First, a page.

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Hepatitis C

Health Information

/ by UK HealthCare

Hepatitis C is a viral infection that inflames and damages the liver. It progresses slowly, and the infected person might not notice symptoms. The infection can go undetected for years.

Hepatitis C might be short-term or long-term. Short-term (or “acute”) infection might clear up within six months, but about 70 percent of those with hepatitis C suffer long-term (chronic) infection. 

The disease can cause cirrhosis (scarring of the liver), liver cancer and liver failure. Hepatitis C affects nearly 3.2 million people in the United States, and about 150 million people are chronically infected worldwide.


Hepatitis C is transferred through contact with the blood of an infected person. Typically this contact occurs through:

  • Sharing needles while using drugs. Use of injected drugs accounts for about 60 percent of new hepatitis C cases each year.
  • Tattoo needles or piercing, when the instruments have not been sterilized.
  • Men having unprotected anal sex.
  • Using an infected person’s toothbrush, razor or nail clippers.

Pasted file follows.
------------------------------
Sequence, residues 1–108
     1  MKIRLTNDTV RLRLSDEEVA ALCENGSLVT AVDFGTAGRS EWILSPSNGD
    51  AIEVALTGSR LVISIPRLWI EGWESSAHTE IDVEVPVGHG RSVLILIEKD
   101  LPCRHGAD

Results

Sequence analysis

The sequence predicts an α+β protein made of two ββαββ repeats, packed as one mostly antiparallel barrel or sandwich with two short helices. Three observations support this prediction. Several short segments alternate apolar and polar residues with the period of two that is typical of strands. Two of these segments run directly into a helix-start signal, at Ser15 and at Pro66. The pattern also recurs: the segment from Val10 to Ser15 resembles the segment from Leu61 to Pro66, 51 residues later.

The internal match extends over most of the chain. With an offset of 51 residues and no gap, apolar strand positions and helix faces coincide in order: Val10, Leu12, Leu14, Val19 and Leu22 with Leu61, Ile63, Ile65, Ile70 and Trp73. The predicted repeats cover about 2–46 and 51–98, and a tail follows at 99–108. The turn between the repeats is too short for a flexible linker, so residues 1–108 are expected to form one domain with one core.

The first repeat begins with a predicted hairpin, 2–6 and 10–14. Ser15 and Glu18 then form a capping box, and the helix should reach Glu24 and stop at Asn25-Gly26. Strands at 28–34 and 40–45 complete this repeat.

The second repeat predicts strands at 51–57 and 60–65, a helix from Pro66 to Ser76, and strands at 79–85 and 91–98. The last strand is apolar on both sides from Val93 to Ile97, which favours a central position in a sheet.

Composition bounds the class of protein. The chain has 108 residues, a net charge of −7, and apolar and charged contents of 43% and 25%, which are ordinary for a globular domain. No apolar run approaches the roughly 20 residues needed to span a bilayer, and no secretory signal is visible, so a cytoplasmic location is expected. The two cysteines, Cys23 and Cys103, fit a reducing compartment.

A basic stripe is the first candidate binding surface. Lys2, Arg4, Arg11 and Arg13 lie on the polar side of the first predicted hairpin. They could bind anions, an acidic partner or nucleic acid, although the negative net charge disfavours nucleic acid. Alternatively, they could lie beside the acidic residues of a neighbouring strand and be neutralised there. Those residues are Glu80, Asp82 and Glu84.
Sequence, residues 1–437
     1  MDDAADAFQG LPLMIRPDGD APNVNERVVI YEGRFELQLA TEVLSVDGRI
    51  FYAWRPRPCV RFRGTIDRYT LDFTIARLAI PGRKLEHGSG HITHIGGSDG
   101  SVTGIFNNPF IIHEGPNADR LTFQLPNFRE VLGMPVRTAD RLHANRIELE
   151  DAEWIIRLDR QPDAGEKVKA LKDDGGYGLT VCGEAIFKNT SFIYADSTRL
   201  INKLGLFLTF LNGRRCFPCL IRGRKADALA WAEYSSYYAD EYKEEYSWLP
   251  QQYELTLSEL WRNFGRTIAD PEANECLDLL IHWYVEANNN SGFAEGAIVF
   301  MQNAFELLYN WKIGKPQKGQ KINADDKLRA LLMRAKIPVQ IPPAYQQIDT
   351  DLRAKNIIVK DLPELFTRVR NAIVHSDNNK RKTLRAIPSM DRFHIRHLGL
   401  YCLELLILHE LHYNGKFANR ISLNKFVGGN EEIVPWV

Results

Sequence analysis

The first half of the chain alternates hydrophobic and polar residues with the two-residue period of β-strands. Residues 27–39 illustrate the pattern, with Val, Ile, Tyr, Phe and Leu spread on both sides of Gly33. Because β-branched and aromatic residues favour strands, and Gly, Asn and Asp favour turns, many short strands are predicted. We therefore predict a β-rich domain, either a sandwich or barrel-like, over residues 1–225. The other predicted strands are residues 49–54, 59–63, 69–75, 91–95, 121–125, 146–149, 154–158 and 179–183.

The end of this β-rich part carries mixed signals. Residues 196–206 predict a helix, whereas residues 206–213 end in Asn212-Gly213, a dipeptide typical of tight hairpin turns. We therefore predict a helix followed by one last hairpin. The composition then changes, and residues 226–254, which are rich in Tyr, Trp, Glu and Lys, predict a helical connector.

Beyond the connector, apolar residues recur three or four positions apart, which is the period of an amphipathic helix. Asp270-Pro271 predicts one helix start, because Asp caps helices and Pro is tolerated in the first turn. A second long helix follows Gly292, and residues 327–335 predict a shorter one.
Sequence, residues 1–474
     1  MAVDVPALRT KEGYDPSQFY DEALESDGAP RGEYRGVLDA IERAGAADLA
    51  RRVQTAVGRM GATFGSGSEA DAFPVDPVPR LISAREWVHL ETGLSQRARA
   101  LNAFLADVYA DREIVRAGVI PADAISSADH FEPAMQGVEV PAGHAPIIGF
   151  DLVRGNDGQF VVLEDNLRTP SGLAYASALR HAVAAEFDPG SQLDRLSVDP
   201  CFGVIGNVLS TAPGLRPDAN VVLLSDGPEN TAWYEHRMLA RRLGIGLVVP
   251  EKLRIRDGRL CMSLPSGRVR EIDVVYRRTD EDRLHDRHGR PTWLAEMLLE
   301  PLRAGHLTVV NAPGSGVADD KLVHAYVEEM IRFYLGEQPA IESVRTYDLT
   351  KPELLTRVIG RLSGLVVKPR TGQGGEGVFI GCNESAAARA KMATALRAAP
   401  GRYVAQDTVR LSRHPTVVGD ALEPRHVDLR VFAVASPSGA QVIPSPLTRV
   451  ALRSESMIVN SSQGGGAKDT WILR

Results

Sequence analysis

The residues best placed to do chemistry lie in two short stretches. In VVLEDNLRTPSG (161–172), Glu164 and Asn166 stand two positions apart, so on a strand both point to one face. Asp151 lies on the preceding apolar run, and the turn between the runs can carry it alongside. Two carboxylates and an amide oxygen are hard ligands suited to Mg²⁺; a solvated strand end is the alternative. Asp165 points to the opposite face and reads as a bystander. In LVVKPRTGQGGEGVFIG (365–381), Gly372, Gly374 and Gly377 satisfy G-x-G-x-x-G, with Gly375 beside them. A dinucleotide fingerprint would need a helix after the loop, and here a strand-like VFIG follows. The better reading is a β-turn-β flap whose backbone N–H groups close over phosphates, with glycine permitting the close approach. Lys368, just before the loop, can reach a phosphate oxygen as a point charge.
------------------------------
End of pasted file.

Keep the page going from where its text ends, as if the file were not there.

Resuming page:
People at greater-than-average risk of getting the disease include healthcare workers, babies born to infected women and hemodialysis patients.


Many people who are infected do not have symptoms until complications develop. When symptoms do show up, they tend to be mild and flu-like, including nausea, joint pain, sore muscles, fatigue, loss of appetite, fever, headaches, and abdominal pain. The infected person also might have dark urine or jaundice.   

Diagnosis and treatment

Since a person who has hepatitis C might not have symptoms, screening is important. Doctors diagnose the disease through blood testing, physical examination for signs of liver damage, and asking about the patient’s risk factors.

Medications called direct-acting antivirals have proven effective in curing hepatitis C. Other medication, surgery or liver transplant might be necessary if the disease has caused cirrhosis or liver cancer.

More information

Hepatitis Foundation International,, 800-891-0707.

American Liver Foundation,, 212-668-1000.